Firefighters resort to water shuttles if no hydrant is near

Cumberland County News

FAYETTEVILLE, N.C. (WNCN) – Firefighters in Fayetteville had to take unusual measures to battle a house fire Friday morning. 

It had to do with the spacing of hydrants in the Buttermere Drive neighborhood.

In this case, the closest hydrant was at least two blocks away from the burning home, so firefighters had to get their water differently than just hooking up a hose to the hydrant.

When firefighters arrived at 4:18 a.m., crews found flames coming through the roof and two occupants outside the home.

“They did not catch a hydrant on the way in so they a conducted a water shuttle operation,” said T. J. McLamb, who is the fire marshall for the Fayetteville Fire Department.

The five engines on scene all arrived with enough water to begin firefighting operations but not enough to continue to douse the flames.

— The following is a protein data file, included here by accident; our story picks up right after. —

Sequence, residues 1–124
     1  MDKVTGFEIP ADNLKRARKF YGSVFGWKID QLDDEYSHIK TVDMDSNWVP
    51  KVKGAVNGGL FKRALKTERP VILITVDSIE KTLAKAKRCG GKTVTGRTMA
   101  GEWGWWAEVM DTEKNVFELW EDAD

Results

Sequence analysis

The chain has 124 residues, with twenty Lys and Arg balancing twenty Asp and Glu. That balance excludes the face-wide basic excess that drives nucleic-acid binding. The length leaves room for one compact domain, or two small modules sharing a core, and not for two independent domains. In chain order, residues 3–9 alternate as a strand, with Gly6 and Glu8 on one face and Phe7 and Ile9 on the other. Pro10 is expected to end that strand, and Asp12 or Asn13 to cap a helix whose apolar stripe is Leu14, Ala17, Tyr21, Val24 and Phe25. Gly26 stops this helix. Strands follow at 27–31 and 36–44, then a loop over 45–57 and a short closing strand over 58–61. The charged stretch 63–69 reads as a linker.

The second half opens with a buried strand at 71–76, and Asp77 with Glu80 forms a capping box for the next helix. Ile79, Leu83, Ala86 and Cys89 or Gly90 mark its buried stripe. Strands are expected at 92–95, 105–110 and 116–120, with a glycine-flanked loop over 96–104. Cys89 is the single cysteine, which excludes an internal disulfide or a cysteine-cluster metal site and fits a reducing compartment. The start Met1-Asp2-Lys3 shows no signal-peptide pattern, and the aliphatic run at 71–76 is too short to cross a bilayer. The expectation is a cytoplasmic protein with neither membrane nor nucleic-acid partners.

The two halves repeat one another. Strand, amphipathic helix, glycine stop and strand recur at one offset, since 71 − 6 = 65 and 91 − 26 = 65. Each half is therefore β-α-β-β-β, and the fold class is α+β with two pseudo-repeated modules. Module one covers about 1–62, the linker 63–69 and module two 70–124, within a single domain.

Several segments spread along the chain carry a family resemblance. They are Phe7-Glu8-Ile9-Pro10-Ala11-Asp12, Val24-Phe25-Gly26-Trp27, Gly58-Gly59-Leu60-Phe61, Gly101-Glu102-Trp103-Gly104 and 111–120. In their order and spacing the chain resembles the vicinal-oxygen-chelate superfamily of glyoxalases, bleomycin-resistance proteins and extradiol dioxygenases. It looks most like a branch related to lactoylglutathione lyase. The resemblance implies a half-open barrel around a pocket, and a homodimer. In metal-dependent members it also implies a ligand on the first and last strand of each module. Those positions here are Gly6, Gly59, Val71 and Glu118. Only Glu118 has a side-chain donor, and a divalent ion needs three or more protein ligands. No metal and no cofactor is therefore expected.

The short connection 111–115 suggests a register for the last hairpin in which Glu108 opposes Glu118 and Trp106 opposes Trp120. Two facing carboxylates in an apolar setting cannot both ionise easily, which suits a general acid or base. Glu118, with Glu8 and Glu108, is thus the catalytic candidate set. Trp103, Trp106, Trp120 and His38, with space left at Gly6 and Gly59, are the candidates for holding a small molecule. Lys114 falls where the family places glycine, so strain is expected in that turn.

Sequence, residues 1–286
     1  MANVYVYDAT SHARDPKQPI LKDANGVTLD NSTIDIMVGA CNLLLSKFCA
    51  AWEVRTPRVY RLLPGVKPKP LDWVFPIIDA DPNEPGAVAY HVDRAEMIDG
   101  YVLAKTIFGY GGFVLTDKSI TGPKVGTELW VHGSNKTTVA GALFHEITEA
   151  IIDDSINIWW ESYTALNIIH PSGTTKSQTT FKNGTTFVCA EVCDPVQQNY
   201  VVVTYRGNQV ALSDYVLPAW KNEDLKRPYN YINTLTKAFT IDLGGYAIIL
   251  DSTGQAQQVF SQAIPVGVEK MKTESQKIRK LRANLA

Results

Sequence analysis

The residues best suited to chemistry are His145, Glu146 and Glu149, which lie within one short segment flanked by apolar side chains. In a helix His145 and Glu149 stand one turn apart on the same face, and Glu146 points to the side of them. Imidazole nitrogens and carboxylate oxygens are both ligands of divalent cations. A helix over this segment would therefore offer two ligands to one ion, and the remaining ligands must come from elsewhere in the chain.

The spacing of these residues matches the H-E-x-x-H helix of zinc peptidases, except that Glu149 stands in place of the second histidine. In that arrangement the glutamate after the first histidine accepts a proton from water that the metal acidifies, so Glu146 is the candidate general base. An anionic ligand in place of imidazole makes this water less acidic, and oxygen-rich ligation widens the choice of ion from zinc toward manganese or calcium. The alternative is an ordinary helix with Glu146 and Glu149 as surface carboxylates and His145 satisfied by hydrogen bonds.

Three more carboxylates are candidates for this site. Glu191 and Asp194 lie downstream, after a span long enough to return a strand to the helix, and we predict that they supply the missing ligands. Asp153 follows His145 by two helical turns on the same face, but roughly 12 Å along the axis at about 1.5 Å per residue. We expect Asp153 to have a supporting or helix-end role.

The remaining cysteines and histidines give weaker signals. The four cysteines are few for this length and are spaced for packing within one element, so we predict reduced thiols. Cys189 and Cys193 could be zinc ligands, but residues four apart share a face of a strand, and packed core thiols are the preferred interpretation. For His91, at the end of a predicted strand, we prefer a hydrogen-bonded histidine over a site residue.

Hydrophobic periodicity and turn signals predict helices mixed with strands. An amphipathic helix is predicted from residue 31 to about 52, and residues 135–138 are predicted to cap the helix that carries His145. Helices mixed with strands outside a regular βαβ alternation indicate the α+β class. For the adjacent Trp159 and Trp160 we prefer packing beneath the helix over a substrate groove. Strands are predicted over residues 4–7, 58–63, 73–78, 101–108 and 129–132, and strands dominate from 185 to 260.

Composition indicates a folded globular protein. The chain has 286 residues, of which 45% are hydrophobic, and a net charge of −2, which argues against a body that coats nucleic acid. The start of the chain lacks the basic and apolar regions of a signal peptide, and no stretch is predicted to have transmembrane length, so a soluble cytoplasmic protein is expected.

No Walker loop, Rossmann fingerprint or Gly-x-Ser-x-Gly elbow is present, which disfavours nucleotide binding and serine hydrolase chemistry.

“We took approximately 5,500 gallons of water to the scene when we arrived,” said McLamb.

They then began relaying water from the far away hydrant to the burning house.

“They were traveling a distance to that fire hydrant to resupply their engine,” he said. “They’d shuttle water back to the fire ground where they could hook up to the attack pumper and continue their attack.”

There are other ways firefighters could get water in a situation like that.

“We could’ve placed an engine at that hydrant a good distance away and boosted pressure coming back to our attack pump,” said McLamb.

They can also erect a swimming pool like structure called a dump tank to provide water.

The fire marshall says the incident commander decides which technique is the most efficient for the circumstances.

CBS 17 wanted to know If there had been a life safety issue would that water shuttle technique had caused any problems in fighting the fire.

“It shouldn’t have,” said McLamb.

He says that water shuttles are a pretty common technique especially in more rural areas which have no hydrants at all. 

The cause of the house fire was accidental according to the fire marshal.

He said it started near the chimney. 

McLamb says prior to the fire the homeowners have been using the fireplace. 

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